Hakkasan Mayfair opened in November 2010 the sister to the original Hakkasan in Hanway Place, which dates back to 2001. Hakkasan single-handedly transformed the public perception of Chinese food in London, far away from the bustling dim sum trolleys and gruff service of Chinatown. Hakkasan was (and is) sleek and stylish, with a menu that is not overly long and does not trouble diners with the more obscure or awkward dishes of Cantonese food: no duck feet on the menu here. Twenty years on, the décor still looks good, with low, moody lighting for the downstairs dining room and yet with every individual table carefully picked out in pools of light, with wooden screens breaking up the vast dining room into manageable sized sections.
We began with a selection of steamed dim sum, both the classic choice and the vegan selection. Instead of prawns, the har gau here is made using langoustines topped with Prunier caviar. A seafood steamed dumpling mixed scallop, king crab and prawn with XO sauce, while there was also king crab with peppercorn dumpling and wild mushroom dumpling. The vegan choices offered golden squash and lily bulb, black pepper and purple sweet potato, sugar snap and edamame, and wild mushroom with black truffle bean wrap. The dumplings were delicate and the assorted fillings carefully cooked. I thought that the purple sweet potato one was particularly successful and quite unusual, while the classics such as the langoustine har gau were all excellent (both selections were 15/20).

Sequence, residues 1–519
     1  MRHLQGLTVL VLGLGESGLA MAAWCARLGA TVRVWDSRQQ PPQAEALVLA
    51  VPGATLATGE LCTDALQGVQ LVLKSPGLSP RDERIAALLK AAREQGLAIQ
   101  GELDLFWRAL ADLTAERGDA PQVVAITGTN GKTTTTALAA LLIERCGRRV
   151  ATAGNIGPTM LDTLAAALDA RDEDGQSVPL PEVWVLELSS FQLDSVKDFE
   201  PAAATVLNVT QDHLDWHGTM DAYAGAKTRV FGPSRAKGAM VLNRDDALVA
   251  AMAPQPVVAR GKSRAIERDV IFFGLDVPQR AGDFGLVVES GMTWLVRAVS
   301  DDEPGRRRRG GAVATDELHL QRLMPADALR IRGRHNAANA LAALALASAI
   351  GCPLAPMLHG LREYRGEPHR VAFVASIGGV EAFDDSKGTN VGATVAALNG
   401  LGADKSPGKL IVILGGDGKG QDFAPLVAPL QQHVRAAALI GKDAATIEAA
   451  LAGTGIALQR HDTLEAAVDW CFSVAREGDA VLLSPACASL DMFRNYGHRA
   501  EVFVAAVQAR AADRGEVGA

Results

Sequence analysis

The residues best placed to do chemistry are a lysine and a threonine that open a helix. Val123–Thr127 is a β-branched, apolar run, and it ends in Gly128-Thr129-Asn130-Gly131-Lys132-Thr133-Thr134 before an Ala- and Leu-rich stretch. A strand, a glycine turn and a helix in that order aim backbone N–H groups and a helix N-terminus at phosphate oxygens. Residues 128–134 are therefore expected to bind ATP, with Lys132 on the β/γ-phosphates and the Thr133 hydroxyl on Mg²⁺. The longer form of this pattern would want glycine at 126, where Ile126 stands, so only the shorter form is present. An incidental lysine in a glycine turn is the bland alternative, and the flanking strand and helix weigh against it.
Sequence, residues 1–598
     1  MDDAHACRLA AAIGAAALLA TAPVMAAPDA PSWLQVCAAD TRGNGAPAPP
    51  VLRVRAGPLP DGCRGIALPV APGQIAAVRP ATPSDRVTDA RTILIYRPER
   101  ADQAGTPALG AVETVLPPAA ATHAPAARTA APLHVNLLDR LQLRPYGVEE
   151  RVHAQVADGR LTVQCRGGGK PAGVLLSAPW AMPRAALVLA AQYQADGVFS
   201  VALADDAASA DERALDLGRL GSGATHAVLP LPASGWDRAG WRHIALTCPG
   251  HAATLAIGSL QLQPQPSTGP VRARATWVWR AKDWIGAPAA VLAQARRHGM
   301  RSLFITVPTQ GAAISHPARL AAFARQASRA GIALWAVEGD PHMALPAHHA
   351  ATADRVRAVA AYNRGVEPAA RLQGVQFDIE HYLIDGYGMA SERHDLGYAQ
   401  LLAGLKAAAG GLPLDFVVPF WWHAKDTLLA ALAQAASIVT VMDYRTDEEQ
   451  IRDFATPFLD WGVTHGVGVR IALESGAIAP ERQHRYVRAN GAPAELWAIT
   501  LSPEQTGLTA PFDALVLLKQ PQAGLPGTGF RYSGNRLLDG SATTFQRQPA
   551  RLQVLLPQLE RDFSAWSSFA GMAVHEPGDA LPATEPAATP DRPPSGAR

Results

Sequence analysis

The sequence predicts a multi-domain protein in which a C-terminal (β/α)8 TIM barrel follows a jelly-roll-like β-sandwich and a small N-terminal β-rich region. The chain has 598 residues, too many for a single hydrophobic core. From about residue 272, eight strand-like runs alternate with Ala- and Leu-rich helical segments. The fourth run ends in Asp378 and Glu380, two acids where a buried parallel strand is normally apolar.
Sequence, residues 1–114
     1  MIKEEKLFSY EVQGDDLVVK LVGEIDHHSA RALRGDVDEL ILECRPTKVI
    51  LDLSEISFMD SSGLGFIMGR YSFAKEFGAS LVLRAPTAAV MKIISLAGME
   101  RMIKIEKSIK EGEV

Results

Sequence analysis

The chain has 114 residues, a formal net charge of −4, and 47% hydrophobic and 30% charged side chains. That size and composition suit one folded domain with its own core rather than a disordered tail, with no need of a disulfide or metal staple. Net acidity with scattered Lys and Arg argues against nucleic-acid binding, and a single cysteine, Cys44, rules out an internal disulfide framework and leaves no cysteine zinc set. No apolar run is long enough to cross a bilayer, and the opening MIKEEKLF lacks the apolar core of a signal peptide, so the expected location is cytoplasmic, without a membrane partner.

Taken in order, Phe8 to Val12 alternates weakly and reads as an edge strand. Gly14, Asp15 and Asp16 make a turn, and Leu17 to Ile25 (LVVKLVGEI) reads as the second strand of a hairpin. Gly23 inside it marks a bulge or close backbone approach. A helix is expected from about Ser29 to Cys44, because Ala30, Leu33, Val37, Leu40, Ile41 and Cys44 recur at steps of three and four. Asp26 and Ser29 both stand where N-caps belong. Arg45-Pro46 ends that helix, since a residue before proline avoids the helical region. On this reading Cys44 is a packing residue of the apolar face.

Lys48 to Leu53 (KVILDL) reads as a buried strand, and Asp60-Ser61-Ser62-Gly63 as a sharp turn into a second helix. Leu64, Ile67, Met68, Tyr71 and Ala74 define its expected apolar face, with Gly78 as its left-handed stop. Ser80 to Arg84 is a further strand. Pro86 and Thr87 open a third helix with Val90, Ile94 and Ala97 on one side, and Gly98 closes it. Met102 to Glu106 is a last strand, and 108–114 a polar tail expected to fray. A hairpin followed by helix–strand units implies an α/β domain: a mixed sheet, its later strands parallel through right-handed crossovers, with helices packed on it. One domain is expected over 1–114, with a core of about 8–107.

Slow roasted Iberico pork char sui had been cooked for 24 hours, and was coated with black garlic glaze, a couple of stripes of mustard dressing and pickled daikon, whose sharpness was a welcome balance to the richness of the meat; the dish was completed by pork crackling. The meat was rich and had had deep flavour, the mustard sauce just lifting the dish (16/20). Spicy prawn with lily bulb and almonds had good quality prawns that were lightly cooked, the sauce gently spiced (15/20). Pipa duck (pipa is a Chinese musical instrument rather like a lute) was roasted duck with crisp skin, the meat tender and served with a sweet sauce (16/20). Bak choi with garlic was lightly cooked and went especially well with the duck (15/20).
Service was silky smooth as ever, and the overall experience was lovely. The bill came to £188 per person, but this was with cocktails, ample food and Ruinart champagne. It would be possible to eat here for perhaps £85 or so if you ordered in a more abstemious manner.